When the first of the 1.6L Toyota Corolla Altis models - or even the first of the front wheel drive, big body-type 1.6L Corollas (read: the AE 101 body type) - arrived in the country, it set off a revolution that up to this day still makes itself as the benchmark for compact car daily driving popularity. Comfortable seating for four, a manual transmission with smooth shifts and an easy-to-moderate clutch, Camry-like suspension damping, cold air-conditioning and logical ergonomics are but a few of the reasons why the Corolla became a local standard.

Unfortunately the popularity of both models begat great expectations for the current iteration. Does it deliver, or does it get swallowed up by the success of its precursors?

Outside, the look resembles a compact version of the Camry, very much evident in the front fascia. But from doors to derriere, the design is a tribute to the previous Altis, as seen in the doors, b-pillars, tailights and rear deck.

Inside is more of a layout derived from the current model Camry. The obvious Camry homage can be seen in the gauge cluster, the steering wheel audio controls and the center dashboard ergonomics, evoking a more luxurious feel that its faux wood-trimmed 1.8V A/T sibling. Unfortunately the Camry's roominess doesn't trickle down to the Corolla, as the harkened ambience is claustrophobic. The steeply raked angle of the a-pillars and the large bulges for the door armrests and (driver's side) power-assisted window controls contribute heavily to the feeling of being cramped, along with the smallish fuel, engine temperature and multipurpose menu readouts should be bigger.

The restrictions on space does have some advantages, though, as it allows for creative storage. The door bins can handle even small handbags, the rear seats fold flat (to accommodate odd-shaped loads) and the dual level glovebox is great for various shotgun occupants' storage needs. There are eight cupholders (and all of them can hold one liter water bottles), but the same storage capacity cannot be said of the dual level center console. Its upper level can only fit two or three Nokia 6300s, while the (rather bigger) lower level barely swallows a 250GB Western Digital external hard drive and two Canon EOS 50mm lenses. At least the center console has a movable padded armrest, great for the driver or the other front occupant to lean on for dropping subtle or blatantly obvious "hints." Whether it's for psychological, physical or mental satisfaction is best left up to the imagination.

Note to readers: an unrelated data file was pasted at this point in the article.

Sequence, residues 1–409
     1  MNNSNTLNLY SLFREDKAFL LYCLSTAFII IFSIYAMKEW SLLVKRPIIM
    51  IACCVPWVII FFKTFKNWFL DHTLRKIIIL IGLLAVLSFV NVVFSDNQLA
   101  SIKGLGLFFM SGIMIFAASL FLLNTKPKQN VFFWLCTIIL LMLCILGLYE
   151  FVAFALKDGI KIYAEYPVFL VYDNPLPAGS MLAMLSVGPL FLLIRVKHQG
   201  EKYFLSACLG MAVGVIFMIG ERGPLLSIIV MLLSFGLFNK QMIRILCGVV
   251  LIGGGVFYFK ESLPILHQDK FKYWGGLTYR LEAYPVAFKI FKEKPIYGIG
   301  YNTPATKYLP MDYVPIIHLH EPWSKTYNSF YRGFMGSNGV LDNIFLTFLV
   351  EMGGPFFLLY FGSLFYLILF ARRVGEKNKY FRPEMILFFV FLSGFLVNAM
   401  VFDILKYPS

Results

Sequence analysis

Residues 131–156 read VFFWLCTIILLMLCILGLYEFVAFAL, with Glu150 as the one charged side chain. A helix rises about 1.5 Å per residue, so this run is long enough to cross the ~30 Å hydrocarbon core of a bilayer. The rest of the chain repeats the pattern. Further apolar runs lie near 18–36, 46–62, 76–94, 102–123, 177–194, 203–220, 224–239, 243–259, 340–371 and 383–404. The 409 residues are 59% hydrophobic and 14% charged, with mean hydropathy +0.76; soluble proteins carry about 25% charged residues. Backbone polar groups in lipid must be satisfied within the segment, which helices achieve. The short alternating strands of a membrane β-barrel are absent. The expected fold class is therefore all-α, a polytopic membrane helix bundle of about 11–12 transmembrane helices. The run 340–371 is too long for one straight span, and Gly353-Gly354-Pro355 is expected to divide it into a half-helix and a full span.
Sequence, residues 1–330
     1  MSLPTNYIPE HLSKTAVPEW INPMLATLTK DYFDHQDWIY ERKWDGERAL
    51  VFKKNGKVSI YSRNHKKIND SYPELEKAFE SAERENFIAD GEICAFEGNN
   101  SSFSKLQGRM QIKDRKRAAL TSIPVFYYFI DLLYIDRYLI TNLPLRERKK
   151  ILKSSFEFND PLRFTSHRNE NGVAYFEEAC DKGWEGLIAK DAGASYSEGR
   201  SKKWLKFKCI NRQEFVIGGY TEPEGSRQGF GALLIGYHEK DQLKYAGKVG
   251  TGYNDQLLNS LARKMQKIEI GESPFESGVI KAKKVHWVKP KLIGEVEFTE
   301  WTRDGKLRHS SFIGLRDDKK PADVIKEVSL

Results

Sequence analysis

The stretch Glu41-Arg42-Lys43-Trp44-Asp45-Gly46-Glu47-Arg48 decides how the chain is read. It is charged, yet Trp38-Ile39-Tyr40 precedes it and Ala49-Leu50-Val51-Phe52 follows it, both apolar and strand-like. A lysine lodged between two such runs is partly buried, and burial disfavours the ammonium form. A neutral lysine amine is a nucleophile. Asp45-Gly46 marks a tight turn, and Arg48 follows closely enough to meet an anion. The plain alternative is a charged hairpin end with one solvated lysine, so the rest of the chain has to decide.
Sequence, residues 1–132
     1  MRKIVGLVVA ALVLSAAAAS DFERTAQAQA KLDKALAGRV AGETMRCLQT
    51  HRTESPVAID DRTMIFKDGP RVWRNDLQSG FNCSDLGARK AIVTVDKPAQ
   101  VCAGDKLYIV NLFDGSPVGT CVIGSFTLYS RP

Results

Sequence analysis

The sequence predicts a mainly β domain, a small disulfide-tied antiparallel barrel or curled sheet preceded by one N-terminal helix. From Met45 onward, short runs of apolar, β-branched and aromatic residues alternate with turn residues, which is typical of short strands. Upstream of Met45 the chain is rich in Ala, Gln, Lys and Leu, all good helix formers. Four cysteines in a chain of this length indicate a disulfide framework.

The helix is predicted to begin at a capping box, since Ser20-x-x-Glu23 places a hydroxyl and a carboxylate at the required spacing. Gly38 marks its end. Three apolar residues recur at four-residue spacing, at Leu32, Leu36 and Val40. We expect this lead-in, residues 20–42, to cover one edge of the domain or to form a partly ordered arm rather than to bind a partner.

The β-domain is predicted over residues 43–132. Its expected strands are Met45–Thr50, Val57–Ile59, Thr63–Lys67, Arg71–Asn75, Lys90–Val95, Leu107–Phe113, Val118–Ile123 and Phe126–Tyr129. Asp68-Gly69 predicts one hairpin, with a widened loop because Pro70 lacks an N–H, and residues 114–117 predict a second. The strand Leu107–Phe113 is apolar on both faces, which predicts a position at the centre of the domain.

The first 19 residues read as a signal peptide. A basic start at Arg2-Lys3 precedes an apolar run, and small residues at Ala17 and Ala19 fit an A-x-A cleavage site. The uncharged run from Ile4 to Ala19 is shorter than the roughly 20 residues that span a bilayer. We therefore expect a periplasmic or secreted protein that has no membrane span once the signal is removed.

Interesting tidbit: Toyota Autoparts Philippines (an affiliate of Toyota Motor Philippines, Inc.) is the m/t global production/supply hub for the Toyota network, and recently invested P5 billion for expansion at the Toyota Special Economic Zone in Sta. Rosa (Laguna). The investment seems to have translated greatly to this stick shift Corolla, as it has similar on-road behavior to its 1.8V A/T sibling - narrow bottom powerband end, short second gear, tall third gear and 210 kph top speed - but only 7.45 km/l on six days of mixed driving. In contrast the 1.8V A/T got 7.73 km/l on the same amount of time with this writer. Although theory dictates that manual tranny cars get better fuel consumption, the 1.6G M/T's high clutch release point and narrower powerband (due to its being 200 cc less than the 1.8V) resulted in higher fuel consumption. The former makes it a bit hard to move the 1.6G in stop-and go traffic, and requires a lot more effort on the gas pedal, which can lead to an increase in fuel use. At least the throws from the 1.6G's stick are surprisingly short and positive, far better than the tall (and almost Hilux-like) throws of the previous Altis.

Handling is surprisingly good, with traction from the Bridgestone Turanza ER300 195/65R15s breaking at 90-100 kph. The car is composed on entry and a bit twitchy on apex and corner exit. The steering is lighter and the steering wheel is smaller, compared to previous Corollas. The light steering makes maneuvering in urban settings very easy, but makes going through corners at speed somewhat tough due to the numbing, syrupy feedback. The ride is comfortable overall, but the noise from the aforementioned Bridgestones is loud, especially over rough tarmac. It's a good thing the NVH levels of the car (with windows up) rival its bigger Camry sibling, otherwise the tire noise will permeate the cabin easily.

Safety is another big plus with this model Corolla, but it does have its fair share of negatives. The brakes and handbrake have good bite, and the side mirrors are wide. Exterior lighting is bright; ditto for the interior lighting, as there are overhead lamps for both front and rear occupants, and makes it easy to look for small items in the dark. The reverse gear alarm tends to drown out the backup sensor warning chimes, though.

No doubt the P818,000 1.6L M/T variant of Toyota's immensely popular compact passenger car is sure to wow future buyers. But given its features, its current competition and the (arguably) bigger esteem of its predecessor (and its AE101 ancestor), this Corolla may have a hard time living up to its forebears' success.